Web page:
‘Historically, soil science has followed a circuitous path in its evolution from a discipline with foundational roots in geology, to an applied agricultural and environmental discipline, and now to a bio- and geo-science through the Earth's Critical Zone investigations. This closes the loop or spiral, but along the way, soil science has become more comprehensive, extensive, integrative, analytical, and quantitative…now is a golden era for soil science to integrate its expertise more closely with other bio- and geo-sciences. This will significantly enhance the opportunity to obtain extramural funding and public support, as well as the advancement of soil science. As such, soil science needs to vigorously become more interactive and extend its role beyond traditional agriculture. The knowledge of spatial soil diversity and landscape dynamics is a fundamental underpinning critical to the success of this venture. Pedology, as a unique sub-discipline of soil science, contributes inordinately to earth science, including, for example, elucidation of field variability, surficial weathering processes, earth system dynamics, and vadose zone flow and transport. With the blooming of hydrogeosciences, hydropedology is a timely addition in this era of interdisciplinary, multidisciplinary, and systems approaches for developing comprehensive prioritization of science and applications in earth science. Hydropedology has a niche in this march with other bio- and geo-sciences in addressing global earth science priorities. Soil scientists support changing paradigms and favour closer linkages with the bio- and geo-sciences community. In this regard, hydropedology has a unique role to play’. Wilding and Lin (2006) Geoderma 131, 3–4.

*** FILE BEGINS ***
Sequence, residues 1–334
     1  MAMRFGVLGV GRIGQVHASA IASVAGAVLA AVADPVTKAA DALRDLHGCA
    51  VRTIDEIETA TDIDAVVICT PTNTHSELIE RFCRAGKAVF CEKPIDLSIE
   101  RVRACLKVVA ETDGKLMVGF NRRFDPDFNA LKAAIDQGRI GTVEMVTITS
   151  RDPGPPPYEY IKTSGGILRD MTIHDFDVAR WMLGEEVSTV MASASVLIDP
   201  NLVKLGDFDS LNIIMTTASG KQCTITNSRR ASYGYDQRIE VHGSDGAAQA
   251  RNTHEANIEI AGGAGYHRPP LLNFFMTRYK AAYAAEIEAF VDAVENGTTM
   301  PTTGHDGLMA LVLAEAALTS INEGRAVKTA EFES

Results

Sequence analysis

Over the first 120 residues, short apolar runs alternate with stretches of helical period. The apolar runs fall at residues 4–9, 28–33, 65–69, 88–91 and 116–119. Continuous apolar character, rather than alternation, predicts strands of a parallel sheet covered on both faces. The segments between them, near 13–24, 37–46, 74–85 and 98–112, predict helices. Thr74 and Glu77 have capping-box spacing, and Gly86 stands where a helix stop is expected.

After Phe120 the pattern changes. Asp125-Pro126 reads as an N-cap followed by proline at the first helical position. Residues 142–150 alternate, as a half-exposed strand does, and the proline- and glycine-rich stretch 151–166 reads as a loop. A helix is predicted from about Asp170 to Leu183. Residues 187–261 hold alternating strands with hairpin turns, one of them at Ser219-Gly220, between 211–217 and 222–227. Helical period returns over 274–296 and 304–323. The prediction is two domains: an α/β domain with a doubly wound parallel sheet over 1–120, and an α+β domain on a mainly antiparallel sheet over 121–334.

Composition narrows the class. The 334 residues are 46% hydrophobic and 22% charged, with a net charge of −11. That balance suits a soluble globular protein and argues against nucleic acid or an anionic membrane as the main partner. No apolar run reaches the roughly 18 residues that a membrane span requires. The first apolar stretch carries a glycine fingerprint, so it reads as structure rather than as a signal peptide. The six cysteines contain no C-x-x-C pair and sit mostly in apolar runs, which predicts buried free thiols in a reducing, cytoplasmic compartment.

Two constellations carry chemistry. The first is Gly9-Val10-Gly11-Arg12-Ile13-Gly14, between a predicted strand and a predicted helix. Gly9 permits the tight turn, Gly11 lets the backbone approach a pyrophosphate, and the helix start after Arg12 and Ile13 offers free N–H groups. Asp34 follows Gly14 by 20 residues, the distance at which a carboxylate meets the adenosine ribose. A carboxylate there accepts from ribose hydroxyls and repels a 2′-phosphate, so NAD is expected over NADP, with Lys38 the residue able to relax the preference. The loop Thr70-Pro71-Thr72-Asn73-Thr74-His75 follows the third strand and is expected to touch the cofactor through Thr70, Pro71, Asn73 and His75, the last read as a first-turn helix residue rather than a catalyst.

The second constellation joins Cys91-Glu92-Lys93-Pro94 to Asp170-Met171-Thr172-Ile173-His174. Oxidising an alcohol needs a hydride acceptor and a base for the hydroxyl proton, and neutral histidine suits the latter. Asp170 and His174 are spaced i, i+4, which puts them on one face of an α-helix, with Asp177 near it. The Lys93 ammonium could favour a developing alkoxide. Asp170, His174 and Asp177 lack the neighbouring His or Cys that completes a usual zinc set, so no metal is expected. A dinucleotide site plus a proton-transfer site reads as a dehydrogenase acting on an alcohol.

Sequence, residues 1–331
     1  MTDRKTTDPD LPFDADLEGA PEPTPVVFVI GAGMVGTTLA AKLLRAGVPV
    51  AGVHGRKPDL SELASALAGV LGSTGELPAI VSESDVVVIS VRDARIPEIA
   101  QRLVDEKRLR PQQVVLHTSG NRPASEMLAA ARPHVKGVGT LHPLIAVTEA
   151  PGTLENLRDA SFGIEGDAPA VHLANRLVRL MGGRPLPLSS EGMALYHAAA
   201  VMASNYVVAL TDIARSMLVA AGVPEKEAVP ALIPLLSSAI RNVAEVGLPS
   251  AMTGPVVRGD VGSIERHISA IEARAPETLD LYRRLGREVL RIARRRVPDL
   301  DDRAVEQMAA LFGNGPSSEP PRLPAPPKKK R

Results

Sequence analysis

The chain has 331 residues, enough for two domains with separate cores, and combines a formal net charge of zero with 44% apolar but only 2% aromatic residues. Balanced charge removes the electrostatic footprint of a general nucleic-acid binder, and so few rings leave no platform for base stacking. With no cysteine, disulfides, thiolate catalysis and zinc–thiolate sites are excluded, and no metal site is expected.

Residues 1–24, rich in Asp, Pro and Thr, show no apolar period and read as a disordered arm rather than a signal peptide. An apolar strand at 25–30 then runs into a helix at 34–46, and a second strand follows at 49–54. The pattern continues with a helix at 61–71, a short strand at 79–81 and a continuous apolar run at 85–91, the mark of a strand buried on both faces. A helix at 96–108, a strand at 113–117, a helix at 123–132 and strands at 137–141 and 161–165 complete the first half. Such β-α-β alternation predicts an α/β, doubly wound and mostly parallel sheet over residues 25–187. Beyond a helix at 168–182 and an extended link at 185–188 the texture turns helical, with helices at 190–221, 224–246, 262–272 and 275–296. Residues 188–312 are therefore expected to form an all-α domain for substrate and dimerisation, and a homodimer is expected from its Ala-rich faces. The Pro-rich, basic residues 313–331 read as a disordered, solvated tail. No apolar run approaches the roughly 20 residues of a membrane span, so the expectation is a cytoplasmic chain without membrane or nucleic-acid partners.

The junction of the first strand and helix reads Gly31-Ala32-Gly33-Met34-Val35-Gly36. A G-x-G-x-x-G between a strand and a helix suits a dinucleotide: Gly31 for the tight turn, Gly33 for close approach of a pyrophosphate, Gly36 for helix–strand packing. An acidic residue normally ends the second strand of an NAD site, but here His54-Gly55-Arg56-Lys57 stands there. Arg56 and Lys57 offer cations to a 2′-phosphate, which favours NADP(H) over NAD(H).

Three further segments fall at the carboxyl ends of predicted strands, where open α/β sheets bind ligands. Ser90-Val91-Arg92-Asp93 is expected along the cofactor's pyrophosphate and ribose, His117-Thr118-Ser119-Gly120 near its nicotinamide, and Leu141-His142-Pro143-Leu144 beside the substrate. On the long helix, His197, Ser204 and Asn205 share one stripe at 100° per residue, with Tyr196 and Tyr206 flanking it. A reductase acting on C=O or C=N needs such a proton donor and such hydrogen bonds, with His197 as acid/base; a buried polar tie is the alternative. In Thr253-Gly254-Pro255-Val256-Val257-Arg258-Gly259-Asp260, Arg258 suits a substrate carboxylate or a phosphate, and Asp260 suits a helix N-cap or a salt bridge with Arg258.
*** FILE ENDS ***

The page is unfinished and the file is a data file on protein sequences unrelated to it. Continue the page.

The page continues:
Subjects: Earth Sciences and Geography.